How is there no Tyrion?  Yes, I know, the next book, I read the epilogue, but still, Tyrion!  Tyrion!  I want my Tyrion!  Waawaaaaaaaaa.  You introduce about a thousand new characters to be subjects of chapters and no Tyrion?  Waaaaaa.  What about Brienne of Tarth!  She’s about to get hanged.  Are you going to kill everyone we love?  (With Mr. George R. R. Martin, it could go either way – so I won’t put it as a definite that she is dead.)  Come on!  She can’t die.  Waaaaaaaa.

I have no creative input into the series except for the consumption of it, if you can call imagining how the characters look, move and act in your mind as you read a creative act.  (I do.)  I possess the characters with my viewpoints, with my motivations and my love.  I want to spend time with them.  I don’t want to see them go.  I don’t write fan fiction (yet) but it makes sense as a natural outgrowth of the fandom that consumers of art have.

I’m sure that compulsion for fan fiction is even worse when there’s no hope for further adventures after the lack of a conclusion. For the TV show Terriers (available to watch instantly on Netflix) I will never get to see anything further from Hank and Britt.  Sure, after a few years, maybe the official people behind the series will get a movie like the folks from Party Down or maybe Netflix will reunite them to do the show again like for Arrested Development.  I’m not holding my breath.  The only thing I’ll hold my breath for is a return of Community.  I still hope there will be three more seasons and a movie.  But, I know there is a strong chance that it has already disappeared the same way as Jaye Tyler and Wonderfalls did.

We all really miss Jaye Tyler and Wonderfalls

Did you just notice what I did in those few paragraphs?  I just jumped the gulf between reality and fiction.  Is how I view Albert Pujols and Harrison Ford different than how I view Brienne or Hank Dolworth and Britt Pollack?  Is getting weirded out by Tom Cruise after he jumps on a couch different from feeling a pang in your stomach when Peter Parker dies in Ultimate Spider-Man?  I know none of those people personally and doubt I’ll ever meet them.  Through media coverage of the real ones and the creative talents of writers and artists on the fictional ones, we feel we know them.  We possess them with our viewpoint and they can enhance our love or betray it with each successive appearance in the public eye.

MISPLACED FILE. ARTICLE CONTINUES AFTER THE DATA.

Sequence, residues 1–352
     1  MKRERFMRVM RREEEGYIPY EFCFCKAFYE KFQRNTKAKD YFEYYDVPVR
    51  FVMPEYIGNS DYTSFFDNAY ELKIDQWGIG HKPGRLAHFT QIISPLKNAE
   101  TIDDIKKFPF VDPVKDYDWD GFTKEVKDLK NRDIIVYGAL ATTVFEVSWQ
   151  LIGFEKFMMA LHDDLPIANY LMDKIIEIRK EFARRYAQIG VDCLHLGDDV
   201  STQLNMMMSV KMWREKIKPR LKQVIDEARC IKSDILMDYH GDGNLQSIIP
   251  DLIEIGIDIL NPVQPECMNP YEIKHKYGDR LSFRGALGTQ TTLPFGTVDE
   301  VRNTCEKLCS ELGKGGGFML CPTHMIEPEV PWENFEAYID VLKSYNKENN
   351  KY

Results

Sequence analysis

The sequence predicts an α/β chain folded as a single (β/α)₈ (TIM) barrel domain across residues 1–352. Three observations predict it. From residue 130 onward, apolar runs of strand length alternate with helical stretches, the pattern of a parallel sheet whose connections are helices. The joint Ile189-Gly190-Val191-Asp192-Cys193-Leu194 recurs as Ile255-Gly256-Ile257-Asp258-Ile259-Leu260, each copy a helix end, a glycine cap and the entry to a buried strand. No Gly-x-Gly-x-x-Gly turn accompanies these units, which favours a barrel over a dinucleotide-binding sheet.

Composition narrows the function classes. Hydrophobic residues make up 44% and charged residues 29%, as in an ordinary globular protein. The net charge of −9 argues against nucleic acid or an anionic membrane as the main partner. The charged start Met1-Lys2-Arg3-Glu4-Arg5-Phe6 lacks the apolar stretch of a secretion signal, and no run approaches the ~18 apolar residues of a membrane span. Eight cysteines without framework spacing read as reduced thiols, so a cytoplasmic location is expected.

Artists may think that the possession is strange, but without it, without those strong connections they created in us, would we consume their art?  Probably not.  Do we throw a hissy fit when the values we’ve ascribed to their characters fall by the wayside as the artist creates a storyline that diverges in tone but makes them creatively happy?  Absolutely.  The artist gets to do whatever they want as that is the beauty of freedom. As a fan, I’m free to give my entertainment dollars to other people and leave it at that.  Right or wrong, it’s how things work.  We trust the good artists though and we will stay with them to see what they have in mind as long as they don’t do something idiotic like sign with the Anaheim Angels or air a show that focuses on tattoos and Bai Ling.  Once we leave, we can find new things worthy of possession and maybe it will be the next best thing ever.  Until we find that next best thing, we just have to be sure not to move from possession to attempted ownership as I think that would be called kidnapping and is illegal in all 50 states.  But, is it ever tempting to try to drag Albert Pujols back to St. Louis.